The latest government announcement confirmed the operational date of the Agriculture Visa, saying that the visa is a key piece to solving the horticulture industry’s labour puzzle for the future.
The announcement, co-signed by Deputy Prime Minister Barnaby Joyce, Agriculture Minister David Littleproud, Foreign Minister Marise Payne and Immigration Minister Alex Hawke, confirms that regulations to enable the creation of the Australian Agriculture Visa will be in place by the end of September.
Open to partner countries
The government said the visa would be open to partner countries, which would be confirmed pending government negotiations. AUSVEG understands that ASEAN countries remain high on the list of potential partners, which is greatly supported by industry.
The government has also confirmed that it will consult with the broader industry to seek feedback on the design of the visa to ensure that it meets the needs of growers and workers.
“The announcement is welcome news for vegetable and potato growers and a positive sign that the government is willing to listen to industry and work to deliver practical solutions to the industry’s significant labour shortages,” said AUSVEG CEO Michael Coote.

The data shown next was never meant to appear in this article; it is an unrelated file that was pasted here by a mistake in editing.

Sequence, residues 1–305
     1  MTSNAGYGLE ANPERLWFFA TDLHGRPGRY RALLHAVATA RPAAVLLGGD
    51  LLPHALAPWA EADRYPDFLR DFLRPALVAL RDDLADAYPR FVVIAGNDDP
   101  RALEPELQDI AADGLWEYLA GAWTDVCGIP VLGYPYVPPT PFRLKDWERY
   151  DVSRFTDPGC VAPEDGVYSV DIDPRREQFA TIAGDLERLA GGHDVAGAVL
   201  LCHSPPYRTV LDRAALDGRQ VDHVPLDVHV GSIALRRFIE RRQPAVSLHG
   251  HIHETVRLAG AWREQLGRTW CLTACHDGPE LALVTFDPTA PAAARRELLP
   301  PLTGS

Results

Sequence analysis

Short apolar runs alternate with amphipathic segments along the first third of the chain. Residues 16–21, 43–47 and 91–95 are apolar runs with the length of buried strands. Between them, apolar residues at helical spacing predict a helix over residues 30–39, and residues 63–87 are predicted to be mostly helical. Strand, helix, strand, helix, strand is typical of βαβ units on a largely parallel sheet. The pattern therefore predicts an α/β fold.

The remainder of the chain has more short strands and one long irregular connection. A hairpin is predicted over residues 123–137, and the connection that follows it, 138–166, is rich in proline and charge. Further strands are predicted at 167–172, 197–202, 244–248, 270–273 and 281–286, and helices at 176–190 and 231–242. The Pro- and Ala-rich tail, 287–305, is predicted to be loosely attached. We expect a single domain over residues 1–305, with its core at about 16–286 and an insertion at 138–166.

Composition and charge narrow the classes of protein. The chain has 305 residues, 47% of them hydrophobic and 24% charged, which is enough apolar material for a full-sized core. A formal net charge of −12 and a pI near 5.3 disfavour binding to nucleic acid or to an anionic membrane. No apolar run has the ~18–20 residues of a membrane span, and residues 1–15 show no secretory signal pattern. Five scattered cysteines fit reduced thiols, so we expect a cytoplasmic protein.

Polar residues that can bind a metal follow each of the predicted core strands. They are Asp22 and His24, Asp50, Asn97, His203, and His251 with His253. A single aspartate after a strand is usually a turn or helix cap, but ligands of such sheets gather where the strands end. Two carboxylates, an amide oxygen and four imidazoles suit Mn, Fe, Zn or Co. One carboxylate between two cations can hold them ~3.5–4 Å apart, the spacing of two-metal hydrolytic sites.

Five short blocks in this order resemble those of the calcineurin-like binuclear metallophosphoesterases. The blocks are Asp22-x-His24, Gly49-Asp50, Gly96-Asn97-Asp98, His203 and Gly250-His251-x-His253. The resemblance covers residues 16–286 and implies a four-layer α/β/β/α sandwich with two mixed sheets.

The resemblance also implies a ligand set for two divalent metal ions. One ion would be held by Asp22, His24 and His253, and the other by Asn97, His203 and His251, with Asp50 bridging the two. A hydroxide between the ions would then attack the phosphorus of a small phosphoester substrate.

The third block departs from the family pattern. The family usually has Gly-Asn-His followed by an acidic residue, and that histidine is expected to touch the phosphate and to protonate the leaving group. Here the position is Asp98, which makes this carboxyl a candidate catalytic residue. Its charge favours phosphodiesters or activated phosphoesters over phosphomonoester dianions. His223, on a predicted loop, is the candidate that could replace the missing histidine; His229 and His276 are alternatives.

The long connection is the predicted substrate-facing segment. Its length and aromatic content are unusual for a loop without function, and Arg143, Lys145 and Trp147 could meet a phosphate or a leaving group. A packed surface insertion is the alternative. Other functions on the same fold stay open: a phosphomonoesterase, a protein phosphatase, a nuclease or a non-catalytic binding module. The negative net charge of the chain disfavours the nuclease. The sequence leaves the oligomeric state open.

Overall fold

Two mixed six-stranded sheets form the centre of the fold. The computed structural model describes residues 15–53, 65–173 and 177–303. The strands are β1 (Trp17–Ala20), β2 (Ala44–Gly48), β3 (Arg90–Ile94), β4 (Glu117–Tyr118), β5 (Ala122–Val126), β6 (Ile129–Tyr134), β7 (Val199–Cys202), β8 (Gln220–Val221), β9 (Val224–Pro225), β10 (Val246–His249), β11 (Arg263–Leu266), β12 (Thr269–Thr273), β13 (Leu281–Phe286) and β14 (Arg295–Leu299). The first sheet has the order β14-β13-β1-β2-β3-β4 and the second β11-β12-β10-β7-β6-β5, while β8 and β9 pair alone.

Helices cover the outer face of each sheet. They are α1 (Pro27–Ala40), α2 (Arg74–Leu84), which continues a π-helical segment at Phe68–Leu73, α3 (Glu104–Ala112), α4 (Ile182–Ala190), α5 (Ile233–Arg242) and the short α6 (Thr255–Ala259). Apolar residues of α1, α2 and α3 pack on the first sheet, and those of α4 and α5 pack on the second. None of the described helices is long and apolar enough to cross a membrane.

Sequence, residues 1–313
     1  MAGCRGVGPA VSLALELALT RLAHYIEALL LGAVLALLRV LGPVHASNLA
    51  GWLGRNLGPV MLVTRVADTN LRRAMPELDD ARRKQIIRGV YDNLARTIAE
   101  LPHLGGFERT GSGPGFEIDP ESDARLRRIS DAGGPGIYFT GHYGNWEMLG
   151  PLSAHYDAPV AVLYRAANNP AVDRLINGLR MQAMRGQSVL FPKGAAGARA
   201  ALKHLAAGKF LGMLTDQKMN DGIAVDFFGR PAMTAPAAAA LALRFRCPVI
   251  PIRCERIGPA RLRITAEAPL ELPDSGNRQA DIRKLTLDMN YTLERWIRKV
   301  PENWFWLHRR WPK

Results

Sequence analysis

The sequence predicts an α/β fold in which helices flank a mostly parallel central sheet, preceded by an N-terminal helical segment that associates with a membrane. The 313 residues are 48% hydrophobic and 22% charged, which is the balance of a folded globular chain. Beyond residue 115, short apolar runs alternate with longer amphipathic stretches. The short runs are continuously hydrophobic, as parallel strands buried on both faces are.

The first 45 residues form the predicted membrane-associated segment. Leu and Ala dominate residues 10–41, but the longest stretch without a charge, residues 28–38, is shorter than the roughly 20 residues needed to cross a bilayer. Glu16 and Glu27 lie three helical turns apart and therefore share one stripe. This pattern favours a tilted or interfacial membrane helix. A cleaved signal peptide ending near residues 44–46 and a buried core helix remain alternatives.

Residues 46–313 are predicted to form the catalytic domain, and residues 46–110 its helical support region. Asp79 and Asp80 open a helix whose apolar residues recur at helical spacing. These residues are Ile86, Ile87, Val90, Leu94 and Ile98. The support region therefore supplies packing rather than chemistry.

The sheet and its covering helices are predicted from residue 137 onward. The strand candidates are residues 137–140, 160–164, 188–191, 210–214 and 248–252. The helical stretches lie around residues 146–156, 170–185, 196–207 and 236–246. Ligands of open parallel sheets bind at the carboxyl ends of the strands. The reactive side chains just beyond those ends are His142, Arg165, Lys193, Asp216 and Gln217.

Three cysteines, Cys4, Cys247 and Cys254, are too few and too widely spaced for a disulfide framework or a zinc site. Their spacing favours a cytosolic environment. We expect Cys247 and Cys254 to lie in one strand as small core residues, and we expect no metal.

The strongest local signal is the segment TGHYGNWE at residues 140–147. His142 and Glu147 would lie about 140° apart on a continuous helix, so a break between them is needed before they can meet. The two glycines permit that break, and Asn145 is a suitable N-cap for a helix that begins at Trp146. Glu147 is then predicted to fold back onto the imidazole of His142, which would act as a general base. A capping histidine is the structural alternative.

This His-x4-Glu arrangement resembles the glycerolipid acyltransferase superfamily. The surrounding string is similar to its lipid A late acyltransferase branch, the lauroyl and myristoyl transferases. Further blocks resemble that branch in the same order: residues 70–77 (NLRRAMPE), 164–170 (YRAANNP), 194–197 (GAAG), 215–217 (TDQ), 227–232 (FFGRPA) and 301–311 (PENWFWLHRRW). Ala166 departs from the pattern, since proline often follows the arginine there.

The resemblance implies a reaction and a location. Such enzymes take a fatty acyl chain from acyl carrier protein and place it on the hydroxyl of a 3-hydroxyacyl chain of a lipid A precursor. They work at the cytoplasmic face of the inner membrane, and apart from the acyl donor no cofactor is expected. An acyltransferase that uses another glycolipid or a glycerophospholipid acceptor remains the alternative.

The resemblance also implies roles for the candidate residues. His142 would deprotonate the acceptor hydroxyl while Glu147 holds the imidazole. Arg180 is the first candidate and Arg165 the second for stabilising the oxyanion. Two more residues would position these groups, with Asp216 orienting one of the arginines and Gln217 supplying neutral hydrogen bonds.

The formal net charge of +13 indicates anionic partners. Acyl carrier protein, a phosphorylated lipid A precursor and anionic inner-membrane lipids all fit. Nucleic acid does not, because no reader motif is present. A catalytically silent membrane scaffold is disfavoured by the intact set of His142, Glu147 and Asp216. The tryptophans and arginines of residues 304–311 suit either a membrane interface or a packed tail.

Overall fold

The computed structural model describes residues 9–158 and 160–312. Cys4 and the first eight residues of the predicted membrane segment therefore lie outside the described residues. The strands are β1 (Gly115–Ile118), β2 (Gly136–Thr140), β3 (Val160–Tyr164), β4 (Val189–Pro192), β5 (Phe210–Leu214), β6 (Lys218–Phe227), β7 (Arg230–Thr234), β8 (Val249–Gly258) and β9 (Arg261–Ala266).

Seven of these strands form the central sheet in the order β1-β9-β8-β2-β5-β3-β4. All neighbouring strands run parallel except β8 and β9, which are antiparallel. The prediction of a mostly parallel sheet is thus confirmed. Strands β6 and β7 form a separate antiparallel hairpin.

“AUSVEG has been calling for an Agriculture Visa for many years to address the industry’s worker shortage and to help ensure that fruit and vegetable businesses can access a reliable and efficient workforce," Michael added.
According to him, the pandemic has exacerbated the industry’s chronic labour shortage, which has been estimated to reach up to 24,000 harvest workers in early 2022 for the coming peak harvest season.
“The confirmation on the start date for the visa and the commitment to consult with industry is a welcome step towards securing an efficient and reliable workforce," said Michael. The Agriculture Visa is an important mechanism to bring workers who want to work on our farms into the country, he noted.
Collaboration is key
Michael says that AUSVEG needs countries to partner in the visa so that they can start bringing in workers from neighbouring countries. They will not only help the businesses but workers and their communities significantly affected by the economic impacts of the pandemic.
“While the visa is a great step forward, industry still faces the ongoing challenge of quarantine capacity, where the number of quarantine spaces doesn’t match industry’s need. We urge state and federal governments to work together to come to a solution as we fast approach our peak demand period," he noted.
Michael thanks Prime Minister Morrison, Minister Littleproud and the Coalition Government for their efforts to date in confirming the Agriculture Visa. AUSVEG is looking forward to working with them to confirm more details on the visa. Michael hopes that now they can start bringing in workers under the new visa as quickly as possible to ensure fruits and vegetables can be harvested, packed and distributed to local and international consumers.
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